While this is a thread about good technique, I think it’s important to address the issue of using loose technique or “cheating.”
Not to bring this thread off-topic at all, but I think it’s something worth mentioning, and here seems like a good place to mention it as long as we don’t get hung up on the idea.
A few rules of thumb (should be rules of the wrist?) about cheating:
- You shouldn’t cheat unless you’ve already learned, practiced, and committed to memory textbook-perfect technique for the given lift.
“Cheating” implies that you already know what “proper” form should be for an exercise and you use that good form on a regular basis. Having a beginner incorporate cheating techniques too early in their lifting career could lead them to thinking that it’s normal or acceptable to “cheat” the majority of the time.
Cheating is a semi-advanced intensity-boosting technique and I’d rather have someone get standard exercise down pat before getting involved in learning when and how to incorporate cheat reps. Just like I wouldn’t teach an absolute beginner about partial reps or rest-pause.
- You shouldn’t cheat unless you know why you’re cheating.
For bodybuilders, cheating is usually a way to get more reps without having to reduce the weight. More often than not, you want to know ahead of time that you’re going to cheat the last few reps of a set (unless you’re advanced/experienced enough to really know when to wing it and how far to push).
Even when we’re using cheat reps, you’ll benefit most if you perform the negative under control. This will go even further towards the enhanced stimulus. For example, with curls or lateral raises, you’d use lower body drive* to get the weight up, but you’d do a “regular” negative and lower the weight under control. When you can no longer control that negative, you’ve reached absolute muscle failure and continuing to train is redundant at best.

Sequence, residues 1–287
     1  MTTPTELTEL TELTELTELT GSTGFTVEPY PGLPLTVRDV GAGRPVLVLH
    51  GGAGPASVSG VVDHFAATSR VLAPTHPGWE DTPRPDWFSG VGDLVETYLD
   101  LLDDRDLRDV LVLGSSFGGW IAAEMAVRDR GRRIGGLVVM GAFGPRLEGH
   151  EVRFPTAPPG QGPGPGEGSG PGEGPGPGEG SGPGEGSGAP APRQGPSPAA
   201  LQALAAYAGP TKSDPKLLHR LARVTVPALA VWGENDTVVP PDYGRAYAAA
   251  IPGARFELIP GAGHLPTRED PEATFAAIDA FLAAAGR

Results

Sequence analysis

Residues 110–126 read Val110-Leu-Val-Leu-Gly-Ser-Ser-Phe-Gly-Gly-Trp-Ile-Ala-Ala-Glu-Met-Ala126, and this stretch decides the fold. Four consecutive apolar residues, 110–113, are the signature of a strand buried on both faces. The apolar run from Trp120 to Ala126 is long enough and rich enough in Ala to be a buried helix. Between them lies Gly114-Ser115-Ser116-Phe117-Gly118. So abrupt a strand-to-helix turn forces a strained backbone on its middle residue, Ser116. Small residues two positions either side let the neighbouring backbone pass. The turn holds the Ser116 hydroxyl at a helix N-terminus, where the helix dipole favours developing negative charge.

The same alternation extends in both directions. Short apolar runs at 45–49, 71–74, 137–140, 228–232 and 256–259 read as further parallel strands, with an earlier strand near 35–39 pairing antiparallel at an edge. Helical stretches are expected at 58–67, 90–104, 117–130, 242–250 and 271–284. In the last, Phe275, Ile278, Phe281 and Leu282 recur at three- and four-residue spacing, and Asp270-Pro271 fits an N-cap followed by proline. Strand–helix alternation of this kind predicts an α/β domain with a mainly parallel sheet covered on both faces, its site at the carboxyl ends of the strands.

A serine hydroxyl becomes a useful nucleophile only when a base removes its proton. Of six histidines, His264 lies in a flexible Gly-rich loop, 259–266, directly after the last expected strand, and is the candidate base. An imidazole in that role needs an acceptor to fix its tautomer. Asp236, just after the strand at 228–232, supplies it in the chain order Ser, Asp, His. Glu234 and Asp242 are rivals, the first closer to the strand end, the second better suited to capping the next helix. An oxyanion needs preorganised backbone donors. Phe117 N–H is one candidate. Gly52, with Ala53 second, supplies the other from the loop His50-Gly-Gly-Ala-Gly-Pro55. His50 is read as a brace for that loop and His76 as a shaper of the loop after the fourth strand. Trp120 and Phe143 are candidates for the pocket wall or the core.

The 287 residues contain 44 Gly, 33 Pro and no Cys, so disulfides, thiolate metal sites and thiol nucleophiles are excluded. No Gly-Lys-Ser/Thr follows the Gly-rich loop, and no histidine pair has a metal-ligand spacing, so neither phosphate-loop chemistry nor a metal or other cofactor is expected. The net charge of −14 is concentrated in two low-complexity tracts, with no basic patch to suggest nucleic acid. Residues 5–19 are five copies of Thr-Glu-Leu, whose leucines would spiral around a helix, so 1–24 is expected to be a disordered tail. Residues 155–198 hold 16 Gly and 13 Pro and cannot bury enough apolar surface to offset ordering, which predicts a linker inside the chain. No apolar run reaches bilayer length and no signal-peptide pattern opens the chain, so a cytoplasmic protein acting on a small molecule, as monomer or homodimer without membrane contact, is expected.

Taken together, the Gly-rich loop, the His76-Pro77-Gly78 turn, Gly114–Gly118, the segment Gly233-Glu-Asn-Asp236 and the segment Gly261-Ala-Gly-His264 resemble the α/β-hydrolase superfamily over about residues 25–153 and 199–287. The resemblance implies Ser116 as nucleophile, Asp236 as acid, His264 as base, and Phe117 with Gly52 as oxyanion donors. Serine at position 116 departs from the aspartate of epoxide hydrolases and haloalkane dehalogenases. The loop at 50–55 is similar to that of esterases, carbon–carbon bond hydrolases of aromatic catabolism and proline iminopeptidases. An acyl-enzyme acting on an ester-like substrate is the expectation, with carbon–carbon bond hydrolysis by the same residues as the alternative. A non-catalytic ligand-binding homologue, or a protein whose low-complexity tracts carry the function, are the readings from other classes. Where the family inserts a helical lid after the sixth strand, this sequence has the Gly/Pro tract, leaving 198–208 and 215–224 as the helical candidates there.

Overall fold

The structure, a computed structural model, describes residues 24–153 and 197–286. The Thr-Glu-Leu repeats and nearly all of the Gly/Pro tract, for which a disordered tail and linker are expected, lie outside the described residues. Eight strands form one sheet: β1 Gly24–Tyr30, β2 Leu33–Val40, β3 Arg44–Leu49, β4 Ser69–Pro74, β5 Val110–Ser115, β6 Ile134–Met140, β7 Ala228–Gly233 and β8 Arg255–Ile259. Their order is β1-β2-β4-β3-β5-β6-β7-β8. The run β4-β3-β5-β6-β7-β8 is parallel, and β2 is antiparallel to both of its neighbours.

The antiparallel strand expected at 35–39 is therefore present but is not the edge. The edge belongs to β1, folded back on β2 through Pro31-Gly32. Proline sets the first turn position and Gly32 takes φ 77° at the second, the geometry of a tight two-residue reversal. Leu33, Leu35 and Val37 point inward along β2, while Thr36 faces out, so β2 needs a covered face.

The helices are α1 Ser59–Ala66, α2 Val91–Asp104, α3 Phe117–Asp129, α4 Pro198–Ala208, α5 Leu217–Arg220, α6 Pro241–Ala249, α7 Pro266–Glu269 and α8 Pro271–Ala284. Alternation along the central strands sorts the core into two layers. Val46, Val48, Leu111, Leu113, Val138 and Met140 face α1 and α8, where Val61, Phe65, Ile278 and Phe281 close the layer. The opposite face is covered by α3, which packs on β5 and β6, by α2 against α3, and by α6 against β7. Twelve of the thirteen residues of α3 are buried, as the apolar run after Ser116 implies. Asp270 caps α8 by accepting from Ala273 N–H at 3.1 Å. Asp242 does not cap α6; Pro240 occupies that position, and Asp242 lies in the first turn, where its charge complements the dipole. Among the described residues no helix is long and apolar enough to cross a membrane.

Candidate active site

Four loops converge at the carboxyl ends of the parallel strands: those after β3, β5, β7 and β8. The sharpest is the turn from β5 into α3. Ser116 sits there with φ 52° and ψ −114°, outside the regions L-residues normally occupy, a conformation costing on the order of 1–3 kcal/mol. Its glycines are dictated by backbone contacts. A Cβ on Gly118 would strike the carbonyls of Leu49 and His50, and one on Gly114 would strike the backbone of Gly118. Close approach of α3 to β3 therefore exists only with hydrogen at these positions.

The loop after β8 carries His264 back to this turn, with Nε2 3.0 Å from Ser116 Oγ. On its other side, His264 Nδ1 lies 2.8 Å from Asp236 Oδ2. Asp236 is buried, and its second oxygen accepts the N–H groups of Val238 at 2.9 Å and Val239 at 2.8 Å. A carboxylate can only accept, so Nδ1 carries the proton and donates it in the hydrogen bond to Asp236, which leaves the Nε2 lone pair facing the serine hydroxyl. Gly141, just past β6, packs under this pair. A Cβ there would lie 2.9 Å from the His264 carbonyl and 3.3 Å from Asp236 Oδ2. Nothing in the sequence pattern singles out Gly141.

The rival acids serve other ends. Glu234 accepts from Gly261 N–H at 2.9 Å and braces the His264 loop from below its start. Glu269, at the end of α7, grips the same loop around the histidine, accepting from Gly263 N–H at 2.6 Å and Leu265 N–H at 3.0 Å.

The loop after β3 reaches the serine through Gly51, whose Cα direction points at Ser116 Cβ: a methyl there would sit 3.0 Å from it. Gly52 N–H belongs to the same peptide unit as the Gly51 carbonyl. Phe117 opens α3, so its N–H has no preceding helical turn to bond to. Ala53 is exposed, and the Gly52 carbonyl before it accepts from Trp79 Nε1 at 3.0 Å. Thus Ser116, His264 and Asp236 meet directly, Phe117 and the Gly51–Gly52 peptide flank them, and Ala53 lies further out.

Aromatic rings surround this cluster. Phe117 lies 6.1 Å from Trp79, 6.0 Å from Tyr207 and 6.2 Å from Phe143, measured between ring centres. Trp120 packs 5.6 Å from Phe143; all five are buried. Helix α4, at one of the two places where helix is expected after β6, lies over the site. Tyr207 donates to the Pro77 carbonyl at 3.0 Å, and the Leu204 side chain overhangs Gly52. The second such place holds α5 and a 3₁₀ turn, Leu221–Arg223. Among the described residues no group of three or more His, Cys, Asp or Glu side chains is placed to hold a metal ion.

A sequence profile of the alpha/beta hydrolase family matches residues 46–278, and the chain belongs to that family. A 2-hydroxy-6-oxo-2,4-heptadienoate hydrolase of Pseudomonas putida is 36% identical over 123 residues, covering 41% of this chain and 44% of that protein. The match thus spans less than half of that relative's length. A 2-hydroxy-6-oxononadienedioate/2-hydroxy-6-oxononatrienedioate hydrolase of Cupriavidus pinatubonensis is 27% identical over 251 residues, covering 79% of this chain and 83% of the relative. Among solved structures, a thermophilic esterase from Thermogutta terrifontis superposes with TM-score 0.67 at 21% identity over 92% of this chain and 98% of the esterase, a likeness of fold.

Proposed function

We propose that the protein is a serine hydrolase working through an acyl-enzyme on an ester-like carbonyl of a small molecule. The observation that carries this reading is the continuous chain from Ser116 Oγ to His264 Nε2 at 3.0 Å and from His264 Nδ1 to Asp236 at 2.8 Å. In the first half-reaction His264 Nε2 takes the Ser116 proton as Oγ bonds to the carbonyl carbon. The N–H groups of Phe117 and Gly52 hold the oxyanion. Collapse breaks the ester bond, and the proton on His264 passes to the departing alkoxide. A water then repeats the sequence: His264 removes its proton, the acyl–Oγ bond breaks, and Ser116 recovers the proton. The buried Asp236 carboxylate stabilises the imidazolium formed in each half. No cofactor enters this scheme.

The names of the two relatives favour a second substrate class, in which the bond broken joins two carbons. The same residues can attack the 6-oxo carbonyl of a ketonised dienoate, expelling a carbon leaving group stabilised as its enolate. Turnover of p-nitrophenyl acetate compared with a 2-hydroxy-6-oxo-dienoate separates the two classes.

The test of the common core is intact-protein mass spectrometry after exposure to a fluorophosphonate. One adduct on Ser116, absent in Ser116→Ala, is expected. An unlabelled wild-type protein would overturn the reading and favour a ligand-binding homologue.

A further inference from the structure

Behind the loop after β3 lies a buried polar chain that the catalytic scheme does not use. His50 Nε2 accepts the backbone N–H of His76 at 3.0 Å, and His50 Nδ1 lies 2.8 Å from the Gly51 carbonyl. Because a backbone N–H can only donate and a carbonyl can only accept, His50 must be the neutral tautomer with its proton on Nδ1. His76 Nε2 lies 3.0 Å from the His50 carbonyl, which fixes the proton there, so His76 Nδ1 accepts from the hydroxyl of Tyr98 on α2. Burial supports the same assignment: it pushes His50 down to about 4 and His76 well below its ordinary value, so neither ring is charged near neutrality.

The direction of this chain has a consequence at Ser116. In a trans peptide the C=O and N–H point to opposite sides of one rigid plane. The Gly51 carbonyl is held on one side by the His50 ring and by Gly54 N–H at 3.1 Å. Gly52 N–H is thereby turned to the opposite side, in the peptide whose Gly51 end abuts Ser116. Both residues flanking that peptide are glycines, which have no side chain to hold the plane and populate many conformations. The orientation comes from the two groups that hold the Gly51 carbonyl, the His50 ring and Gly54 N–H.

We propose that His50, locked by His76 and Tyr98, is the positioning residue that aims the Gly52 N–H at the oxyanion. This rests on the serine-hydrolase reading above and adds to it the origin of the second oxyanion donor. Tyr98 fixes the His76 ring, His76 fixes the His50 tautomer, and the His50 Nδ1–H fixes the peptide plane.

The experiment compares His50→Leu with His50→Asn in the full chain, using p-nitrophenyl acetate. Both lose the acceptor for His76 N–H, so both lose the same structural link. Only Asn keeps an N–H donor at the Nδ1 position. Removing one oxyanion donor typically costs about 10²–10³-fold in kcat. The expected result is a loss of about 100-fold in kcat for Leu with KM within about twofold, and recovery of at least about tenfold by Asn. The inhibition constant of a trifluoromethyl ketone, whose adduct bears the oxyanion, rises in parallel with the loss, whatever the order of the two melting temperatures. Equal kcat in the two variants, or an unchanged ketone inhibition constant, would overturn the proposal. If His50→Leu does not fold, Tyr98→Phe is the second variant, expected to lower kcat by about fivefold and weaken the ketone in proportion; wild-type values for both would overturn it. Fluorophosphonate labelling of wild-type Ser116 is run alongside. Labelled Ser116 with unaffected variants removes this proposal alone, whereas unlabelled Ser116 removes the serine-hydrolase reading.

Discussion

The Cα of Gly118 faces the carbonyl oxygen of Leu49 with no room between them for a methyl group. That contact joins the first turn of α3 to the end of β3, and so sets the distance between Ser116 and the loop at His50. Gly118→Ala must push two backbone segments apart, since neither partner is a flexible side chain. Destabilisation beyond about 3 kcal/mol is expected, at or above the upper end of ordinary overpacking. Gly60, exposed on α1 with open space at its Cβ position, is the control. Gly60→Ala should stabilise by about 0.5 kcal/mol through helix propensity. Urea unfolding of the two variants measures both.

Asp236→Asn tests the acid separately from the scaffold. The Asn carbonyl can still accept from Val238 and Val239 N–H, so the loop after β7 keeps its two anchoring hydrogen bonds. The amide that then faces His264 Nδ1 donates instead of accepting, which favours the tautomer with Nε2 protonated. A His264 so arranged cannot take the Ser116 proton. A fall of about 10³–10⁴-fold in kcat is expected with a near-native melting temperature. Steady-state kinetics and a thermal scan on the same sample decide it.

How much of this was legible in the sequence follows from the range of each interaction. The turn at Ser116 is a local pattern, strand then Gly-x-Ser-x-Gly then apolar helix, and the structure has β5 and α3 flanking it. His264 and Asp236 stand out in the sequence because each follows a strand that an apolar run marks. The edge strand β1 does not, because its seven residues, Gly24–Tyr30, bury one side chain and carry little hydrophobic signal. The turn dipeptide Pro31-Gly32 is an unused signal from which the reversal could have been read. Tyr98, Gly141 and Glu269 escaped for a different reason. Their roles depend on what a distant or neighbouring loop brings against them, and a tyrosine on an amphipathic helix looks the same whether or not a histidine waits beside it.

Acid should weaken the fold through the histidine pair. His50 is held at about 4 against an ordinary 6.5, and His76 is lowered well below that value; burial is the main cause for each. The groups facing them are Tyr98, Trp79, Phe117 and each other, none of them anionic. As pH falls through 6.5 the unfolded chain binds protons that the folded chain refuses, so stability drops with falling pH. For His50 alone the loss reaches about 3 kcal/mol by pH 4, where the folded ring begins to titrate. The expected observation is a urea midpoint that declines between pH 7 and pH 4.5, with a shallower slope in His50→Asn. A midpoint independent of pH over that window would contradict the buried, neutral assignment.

- This reminds me of a point I picked up somewhere, can’t recall where though. As a built-in “safety feature”, try using total lower body drive to initiate the cheat (as if doing a push press), rather than just swinging the lower back, which is more injury-prone in general.
As a more visual example, let’s consider bent barbell rows. There are two basic ways to use cheating. We could either load a weight that wouldn’t allow textbook-perfect reps and do cheat reps for the entire set, which would have strength benefits since we’re using heavier-than-usual weight. If you can be sure to still activate the target muscles (instead of letting the momentum take tension off them), this would also obviously benefit muscle growth.
Or instead, we’d load our standard weight, something that we can handle with textbook-perfect reps, and we’d perform a set of those perfect reps until near-failure, and then immediately finish the set with some cheat reps. This would have some benefit for strength and muscle size since your muscles are under tension for a longer time.
The main point is that a beginner should know what good, safe form is; they should practice that high-quality form the majority of the time; and they should consider using loose form or “cheat reps” as part of their training strategy only when it’s appropriate to do so.